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From Understudy to Wonderstudy: 5 Tips to Succeed

by Mandy Walsh

Being an understudy is a crazy ride, but I think it’s important for every actor to do it at least once during their career.

Being an understudy is a unique opportunity to learn about your own personal process since so much of the work must be done on your own. Plus you have the different perspective of creating a performance from the outside in. You get the starting point in the form of the script, and you get the ending point of what the actor you are understudying has created.

From these two things, you have to connect those dots in a way that allows you to step in for that actor, but you still need your work to be honest to who you are while staying within the context of the production. It can be tricky. I’ve had the amazing fortune to understudy Kirsten Fitzgerald, but she and I are very different types. With that in mind, I knew I had to really break down what she was doing. So instead of trying to match her amazing physical presence, for instance, I focused on the qualities she was bringing to the character, what those qualities meant for me, and how do those qualities manifest within me as an actor. (Speaking of Kirsten, being an understudy and watching an actor that closely can be like getting paid to take a Master Class in Acting. I seriously learned so much from watching her.)

I’ve ridden the understudy roller coaster a few times now, and every time I have gotten the call to go on, the circumstances have been different. Sometimes, you will be lucky enough to have plenty of notice that you’ll be going on, and you’ll get a full put-in rehearsal with the cast. But there’s a good chance it will be the opposite, which is why doing all the things you have control over, like getting off book asap, is essential. Once I had to go on for a final preview with zero understudy rehearsals under my belt – only an hour or so to run through a few scenes before the show with some of the cast. Most recently, I had to learn an entire act of complicated blocking with just the SM walking me through alone on the set before going on that night. Sometimes things just happen in a way so that you won’t get a full put-in rehearsal, and this is where all that work you’ve been doing on your own becomes so vital to getting through the show. It is the only thing you have control over as an U/S, and I promise you, it will pay off when the time comes.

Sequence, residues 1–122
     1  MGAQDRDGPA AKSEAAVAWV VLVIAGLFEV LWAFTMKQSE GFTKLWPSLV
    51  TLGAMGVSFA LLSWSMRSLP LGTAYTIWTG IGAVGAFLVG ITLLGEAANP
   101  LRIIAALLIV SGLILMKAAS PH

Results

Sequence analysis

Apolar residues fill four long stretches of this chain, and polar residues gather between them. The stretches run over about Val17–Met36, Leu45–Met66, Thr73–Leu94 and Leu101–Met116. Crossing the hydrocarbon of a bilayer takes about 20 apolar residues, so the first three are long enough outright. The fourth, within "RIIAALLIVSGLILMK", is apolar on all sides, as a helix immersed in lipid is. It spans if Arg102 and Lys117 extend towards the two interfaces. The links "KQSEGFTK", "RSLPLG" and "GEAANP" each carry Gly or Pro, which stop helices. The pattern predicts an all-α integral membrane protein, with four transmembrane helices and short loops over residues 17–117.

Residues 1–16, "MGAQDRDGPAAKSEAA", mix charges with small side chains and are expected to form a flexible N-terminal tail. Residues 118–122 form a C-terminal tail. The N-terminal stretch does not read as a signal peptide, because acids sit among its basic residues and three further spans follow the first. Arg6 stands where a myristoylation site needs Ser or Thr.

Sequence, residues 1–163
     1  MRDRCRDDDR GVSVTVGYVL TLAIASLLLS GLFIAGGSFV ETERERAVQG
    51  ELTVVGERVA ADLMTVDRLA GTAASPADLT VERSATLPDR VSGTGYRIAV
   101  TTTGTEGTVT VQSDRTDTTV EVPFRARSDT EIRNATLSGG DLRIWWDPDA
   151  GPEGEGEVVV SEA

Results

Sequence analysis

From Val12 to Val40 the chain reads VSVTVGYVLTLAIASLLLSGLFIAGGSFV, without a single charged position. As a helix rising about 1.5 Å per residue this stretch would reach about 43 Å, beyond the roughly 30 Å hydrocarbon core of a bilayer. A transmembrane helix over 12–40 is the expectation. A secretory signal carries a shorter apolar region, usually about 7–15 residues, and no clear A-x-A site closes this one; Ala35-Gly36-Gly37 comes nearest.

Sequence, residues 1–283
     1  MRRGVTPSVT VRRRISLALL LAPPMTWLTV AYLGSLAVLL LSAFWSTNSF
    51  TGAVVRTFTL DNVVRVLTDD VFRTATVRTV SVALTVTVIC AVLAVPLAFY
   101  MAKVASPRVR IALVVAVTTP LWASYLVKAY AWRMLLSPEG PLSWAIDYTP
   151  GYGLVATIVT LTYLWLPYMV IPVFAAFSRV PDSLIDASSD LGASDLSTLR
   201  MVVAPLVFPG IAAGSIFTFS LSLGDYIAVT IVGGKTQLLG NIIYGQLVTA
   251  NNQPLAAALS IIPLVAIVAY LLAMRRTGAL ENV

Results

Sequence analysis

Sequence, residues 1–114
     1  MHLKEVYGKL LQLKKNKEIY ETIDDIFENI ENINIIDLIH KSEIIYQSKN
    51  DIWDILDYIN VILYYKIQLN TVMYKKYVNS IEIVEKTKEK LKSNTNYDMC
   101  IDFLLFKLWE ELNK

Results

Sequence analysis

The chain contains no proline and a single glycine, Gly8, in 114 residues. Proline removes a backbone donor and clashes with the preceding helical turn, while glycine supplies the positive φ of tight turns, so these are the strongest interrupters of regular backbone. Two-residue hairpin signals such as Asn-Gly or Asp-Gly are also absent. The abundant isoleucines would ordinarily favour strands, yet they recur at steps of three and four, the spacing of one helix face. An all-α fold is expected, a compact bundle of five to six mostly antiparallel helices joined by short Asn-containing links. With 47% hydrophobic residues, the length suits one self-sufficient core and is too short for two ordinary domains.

If you do decide to accept an understudy offer, and I totally think you should, here are some tips I have learned during my various rides as an U/S (besides getting off book, like, yesterday):


1. NO ONE IS GOING TO DIE. A wise man named Shade Murray told me this before I went on, and he was right.
2. Set some smaller goals for yourself whether you’re just in a rehearsal or actually going on. If all you want to do is get through the show saying all the lines and not bumping into furniture, that’s great! It gives you something to stay focused on if things start to feel overwhelming.
3. Do not be afraid to ask for anything you need when you’re going on. If you need to look at a particular moment in the show, ask. If you need different shoes, ask. If you desperately need a coffee, just ask. The company wants the show to go well, and chances are they will do their best to accommodate what you need in order to make it a successful performance.
4. The cast has your back, both onstage and off.
5. Be kind to yourself if and when you hit bumps in the road. This job ain’t easy.

You’re going to be amazing! #teamwonderstudy 

Mandy Walsh Acting. UnderstudyMandy Walsh is a member of The Factory Theater, where her acting credits include FIGHT CITY, HOTEL APHRODITE, and INCIDENT ON RUN #1217. Other favorite Chicago credits include TRAITOR (A Red Orchid Theatre); MISS HOLMES, MONSTROUS REGIMENT and WATERSHIP DOWN (Lifeline Theatre) and THE RING CYCLE (The Building Stage); and A NIGHT IN ALACHUA COUNTY (WildCLaw Theatre). She also has had the pleasure to work Strawdog Theatre, Akvavit Theatre, Stage Left Theatre, Fine Print Theatre Co., Babes with Blades, and Hobo Junction. She’s also an amazing actor, a good friend and an occasional student of ASC.